I don't think you have to play for people. I do play for my wife (resisting the punch line), but I played for 25 years before I met her. I never played for anyone before her.ronjazz wrote:Alright, alright, already. Here's the thing: if you want to play the guitar, you have to play for people. This fact means that you must think about a program that you would like that people would also like. Learn that program, 30 minutes, and go play at a senior center or a library. Professionals learn what they need to make money giving pleasure with, and everybody needs a goal in order to finish anything, really. So, if you're interested in getting good, set up a concert, then watch how your practice becomes structured and focused.
This is similar to what I do. I have a fairly large binder which I have most my music organized in sections:TomPage wrote:On advice of Scott Kritzer, I organize my pieces into 4 practice bins: New Work, Detailing, Maintenance, and Performance.
You haven't learned a piece of music until you have analyzed it both harmonically and melodically. Eventually it becomes automatic.mfarber wrote:My problem with memorizing is that I tend to memorize hand positions and sequences, not notes. If someone said to me, "start playing at the C" I would have no idea what they meant. I know what a C is, but I am not conscious of the notes I play when I memorize music. I know that some people try to "sing" the notes in their head as they play, but I find this distracting.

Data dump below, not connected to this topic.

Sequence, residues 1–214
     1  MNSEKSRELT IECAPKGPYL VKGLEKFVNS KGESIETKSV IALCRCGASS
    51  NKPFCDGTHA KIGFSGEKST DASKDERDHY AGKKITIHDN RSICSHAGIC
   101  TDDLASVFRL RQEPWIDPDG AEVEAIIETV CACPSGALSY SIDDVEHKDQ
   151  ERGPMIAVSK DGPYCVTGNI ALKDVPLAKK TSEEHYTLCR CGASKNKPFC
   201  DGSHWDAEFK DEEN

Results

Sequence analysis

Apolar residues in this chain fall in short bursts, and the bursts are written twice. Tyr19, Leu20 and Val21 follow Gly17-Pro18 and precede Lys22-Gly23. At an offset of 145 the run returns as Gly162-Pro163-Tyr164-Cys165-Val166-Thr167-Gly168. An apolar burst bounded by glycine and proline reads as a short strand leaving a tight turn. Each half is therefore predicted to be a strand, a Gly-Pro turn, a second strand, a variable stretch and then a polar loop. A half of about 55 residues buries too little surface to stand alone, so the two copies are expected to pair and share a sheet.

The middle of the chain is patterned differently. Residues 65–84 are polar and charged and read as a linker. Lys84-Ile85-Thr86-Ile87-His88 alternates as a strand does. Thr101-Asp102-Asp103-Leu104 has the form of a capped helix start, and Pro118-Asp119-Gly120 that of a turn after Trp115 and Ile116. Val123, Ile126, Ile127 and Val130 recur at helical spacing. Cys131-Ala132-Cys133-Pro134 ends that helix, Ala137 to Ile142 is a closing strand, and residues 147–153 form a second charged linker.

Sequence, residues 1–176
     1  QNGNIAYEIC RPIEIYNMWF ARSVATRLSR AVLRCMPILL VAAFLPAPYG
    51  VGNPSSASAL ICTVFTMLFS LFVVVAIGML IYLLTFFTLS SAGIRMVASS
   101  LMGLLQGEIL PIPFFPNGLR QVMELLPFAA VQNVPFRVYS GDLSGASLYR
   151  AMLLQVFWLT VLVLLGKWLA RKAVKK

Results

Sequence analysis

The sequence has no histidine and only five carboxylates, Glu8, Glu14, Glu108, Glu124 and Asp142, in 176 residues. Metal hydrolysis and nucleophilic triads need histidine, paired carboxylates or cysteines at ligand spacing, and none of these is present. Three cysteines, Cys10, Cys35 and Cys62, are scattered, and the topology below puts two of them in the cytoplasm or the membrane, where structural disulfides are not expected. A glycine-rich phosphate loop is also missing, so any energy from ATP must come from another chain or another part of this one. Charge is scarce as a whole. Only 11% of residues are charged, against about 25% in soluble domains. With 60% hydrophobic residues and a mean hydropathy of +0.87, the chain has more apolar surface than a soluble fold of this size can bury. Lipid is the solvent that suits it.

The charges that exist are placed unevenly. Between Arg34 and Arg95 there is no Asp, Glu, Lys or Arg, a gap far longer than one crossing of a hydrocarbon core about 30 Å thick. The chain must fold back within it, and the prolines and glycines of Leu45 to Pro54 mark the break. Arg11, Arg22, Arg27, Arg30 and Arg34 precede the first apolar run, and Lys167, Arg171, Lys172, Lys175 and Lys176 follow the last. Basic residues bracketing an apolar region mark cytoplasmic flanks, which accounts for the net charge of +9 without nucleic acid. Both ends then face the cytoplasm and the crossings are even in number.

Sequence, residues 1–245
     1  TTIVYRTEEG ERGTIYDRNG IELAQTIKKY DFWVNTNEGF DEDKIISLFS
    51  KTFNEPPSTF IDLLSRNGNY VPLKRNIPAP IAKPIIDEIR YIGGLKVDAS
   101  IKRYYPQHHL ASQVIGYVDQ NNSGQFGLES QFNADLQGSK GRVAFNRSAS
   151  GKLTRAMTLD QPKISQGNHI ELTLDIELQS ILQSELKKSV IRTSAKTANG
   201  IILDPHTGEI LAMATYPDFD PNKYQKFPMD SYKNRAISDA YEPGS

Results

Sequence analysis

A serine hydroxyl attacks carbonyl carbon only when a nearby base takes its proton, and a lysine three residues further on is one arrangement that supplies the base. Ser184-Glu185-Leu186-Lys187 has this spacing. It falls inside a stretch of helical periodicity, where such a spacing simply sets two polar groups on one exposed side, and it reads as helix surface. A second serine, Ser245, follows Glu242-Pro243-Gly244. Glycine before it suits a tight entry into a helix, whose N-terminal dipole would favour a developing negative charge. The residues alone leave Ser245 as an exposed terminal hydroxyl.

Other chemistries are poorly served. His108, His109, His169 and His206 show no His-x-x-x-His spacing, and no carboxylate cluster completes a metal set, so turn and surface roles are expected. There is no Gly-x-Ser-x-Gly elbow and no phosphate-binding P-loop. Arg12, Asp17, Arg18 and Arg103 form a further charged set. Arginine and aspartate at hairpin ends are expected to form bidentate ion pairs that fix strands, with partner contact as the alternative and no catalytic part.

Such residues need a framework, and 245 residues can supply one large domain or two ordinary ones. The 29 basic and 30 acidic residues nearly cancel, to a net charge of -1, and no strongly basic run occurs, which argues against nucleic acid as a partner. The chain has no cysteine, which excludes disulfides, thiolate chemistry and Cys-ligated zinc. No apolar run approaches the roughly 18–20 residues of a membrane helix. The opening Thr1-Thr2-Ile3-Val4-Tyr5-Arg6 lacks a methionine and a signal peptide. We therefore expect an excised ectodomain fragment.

Interesting, I can see how this would work but I would say it takes a fair bit of discipline because you are holding off the gratification of being able to (roughly) play the entire section/piece by just going very slowly mastering one phrase at a time. I'm not sure I could do this but I might give it a go.2handband wrote:I admit I just skimmed the thread so maybe somebody has already said this, but:
The answer is exactly one. And you don't read through the whole thing; you take it one phrase at a time until you master that phrase. Yes, I'm serious. You don't play phrase 2 until phrase one sounds flawless, at tempo, all the time. This may sound insane but it can yield spectacular results. I've been known to practice a 2 measure lick for four hours at a stretch, and by doing so I have learned music that was far beyond my level very quickly indeed.
I did notice one person talking about not bothering to memorize. You're not seriously going onstage with a music stand between you and the audience... are you?
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